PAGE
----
Project Description


Mykonos is a Greek island, part of the Cyclades, lying between Tinos, Syros, Paros and Naxos.

The most iconic feature of the island are the windmills. The windmills can be seen from every point of the village of Mykonos, the island’s principal village, which is frequently called the Chora. The houses have got the distinguished Cycladic architecture of white and blue traditional paint.

Chora, impresses and charms its visitor from the first moment, thanks to its beautiful location, scale and architecture. In today’s Mykonos, the repetition of the forms of the Cycladic traditional architecture and in the newer buildings, ensures in the city and the hinterland a sense of continuity and harmony.

The Municipal Gallery of Mykonos is a center of exhibitions and cultural events of the island, houses works of Greek and foreign artists in the building located in Matogianni. Sometimes it operates in collaboration with the branch of the Athens School of Fine Arts, which is housed in the region of Chora in the idyllic environment of a large estate.

One of the most picturesque corners of the island is Alefkandra or “Small Venice“, a district with houses in the seaside that began to be built from the middle of the 18th century and were the homes of wealthy merchants and captains. Wonderful architecture with colorful windows, doors, stairs, wooden balconies that literally get wet by the wave and give the neighborhood a smell of the famous Italian city.

Two towers from the Hellenistic period, exist in the place known as Portes, above Platys Gialos. The name comes from the preserved upright door of the tower framed by three large chipped granite blocks. Mykonos is neighboring Delos in the Aegean Sea.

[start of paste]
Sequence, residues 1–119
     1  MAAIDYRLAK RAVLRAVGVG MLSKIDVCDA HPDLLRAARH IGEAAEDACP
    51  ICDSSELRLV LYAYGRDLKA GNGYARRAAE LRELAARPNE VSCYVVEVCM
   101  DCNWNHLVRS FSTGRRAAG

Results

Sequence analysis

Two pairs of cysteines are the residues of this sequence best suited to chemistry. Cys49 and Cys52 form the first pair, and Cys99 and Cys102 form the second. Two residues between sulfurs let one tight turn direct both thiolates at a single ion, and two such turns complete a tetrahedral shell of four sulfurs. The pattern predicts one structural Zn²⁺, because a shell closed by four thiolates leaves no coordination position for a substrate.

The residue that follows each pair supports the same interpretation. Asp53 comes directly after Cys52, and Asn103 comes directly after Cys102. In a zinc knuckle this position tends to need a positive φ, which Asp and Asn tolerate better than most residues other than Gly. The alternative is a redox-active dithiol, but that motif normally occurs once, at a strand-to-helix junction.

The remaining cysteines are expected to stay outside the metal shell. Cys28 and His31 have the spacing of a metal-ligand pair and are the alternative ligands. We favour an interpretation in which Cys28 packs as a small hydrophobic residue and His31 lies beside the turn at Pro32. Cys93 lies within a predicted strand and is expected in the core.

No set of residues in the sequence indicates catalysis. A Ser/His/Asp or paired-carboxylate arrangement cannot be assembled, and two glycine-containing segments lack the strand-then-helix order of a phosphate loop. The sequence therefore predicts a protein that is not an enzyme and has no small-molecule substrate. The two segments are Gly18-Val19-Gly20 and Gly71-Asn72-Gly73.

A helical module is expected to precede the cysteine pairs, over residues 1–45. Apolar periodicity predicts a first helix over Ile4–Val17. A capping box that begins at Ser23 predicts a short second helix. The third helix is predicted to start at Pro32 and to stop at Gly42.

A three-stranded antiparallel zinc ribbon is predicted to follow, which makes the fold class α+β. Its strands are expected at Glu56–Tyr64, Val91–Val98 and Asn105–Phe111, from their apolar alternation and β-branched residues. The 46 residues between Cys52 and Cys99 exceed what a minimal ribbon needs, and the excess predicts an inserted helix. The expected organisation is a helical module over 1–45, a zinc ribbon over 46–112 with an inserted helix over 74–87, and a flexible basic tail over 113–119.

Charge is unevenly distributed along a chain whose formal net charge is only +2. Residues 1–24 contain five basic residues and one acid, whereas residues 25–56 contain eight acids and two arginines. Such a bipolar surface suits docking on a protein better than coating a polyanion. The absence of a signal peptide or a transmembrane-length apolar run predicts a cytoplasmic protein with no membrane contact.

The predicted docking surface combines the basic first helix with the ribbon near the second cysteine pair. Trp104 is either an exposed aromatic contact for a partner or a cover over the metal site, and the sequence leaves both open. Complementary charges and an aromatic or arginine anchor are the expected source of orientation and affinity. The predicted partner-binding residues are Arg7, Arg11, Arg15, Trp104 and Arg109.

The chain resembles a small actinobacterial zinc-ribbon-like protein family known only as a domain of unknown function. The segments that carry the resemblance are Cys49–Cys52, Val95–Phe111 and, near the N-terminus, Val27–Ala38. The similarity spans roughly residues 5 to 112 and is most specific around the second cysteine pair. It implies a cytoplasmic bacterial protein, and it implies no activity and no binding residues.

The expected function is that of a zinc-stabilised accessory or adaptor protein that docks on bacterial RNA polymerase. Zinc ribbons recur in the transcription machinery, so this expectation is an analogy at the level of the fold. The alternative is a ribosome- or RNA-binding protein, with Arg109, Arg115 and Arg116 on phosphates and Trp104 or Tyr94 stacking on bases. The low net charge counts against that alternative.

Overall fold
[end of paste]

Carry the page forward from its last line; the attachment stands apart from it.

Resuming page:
Delos is one of the most important mythological, historical, and archaeological sites in Greece. The excavations in the island are among the most extensive in the Mediterranean; many of the artifacts found are on display at the Archaeological Museum of Delos and the National Archaeological Museum of Athens.

The Temple of the Delians is the largest of the three cult temples dedicated to Apollo, as well as The Terrace of The Lions.

According to mythology, Leto took refuge in Delos to give birth to Apollo and Artemis, and to avoid the wrath of the goddess Hera. The 6th century BC Temple of Leto is dedicated to the mother of the twin gods.  Delos is located 3.5 km South-West of Mykonos. Visitors may travel by boat from Mykonos to Delos. The disembarkation takes place today at the site of the ancient port, on the west side of the island. In front of the pier is an open paved square with altars, temples and shops, where the guilds of Italian merchants were located.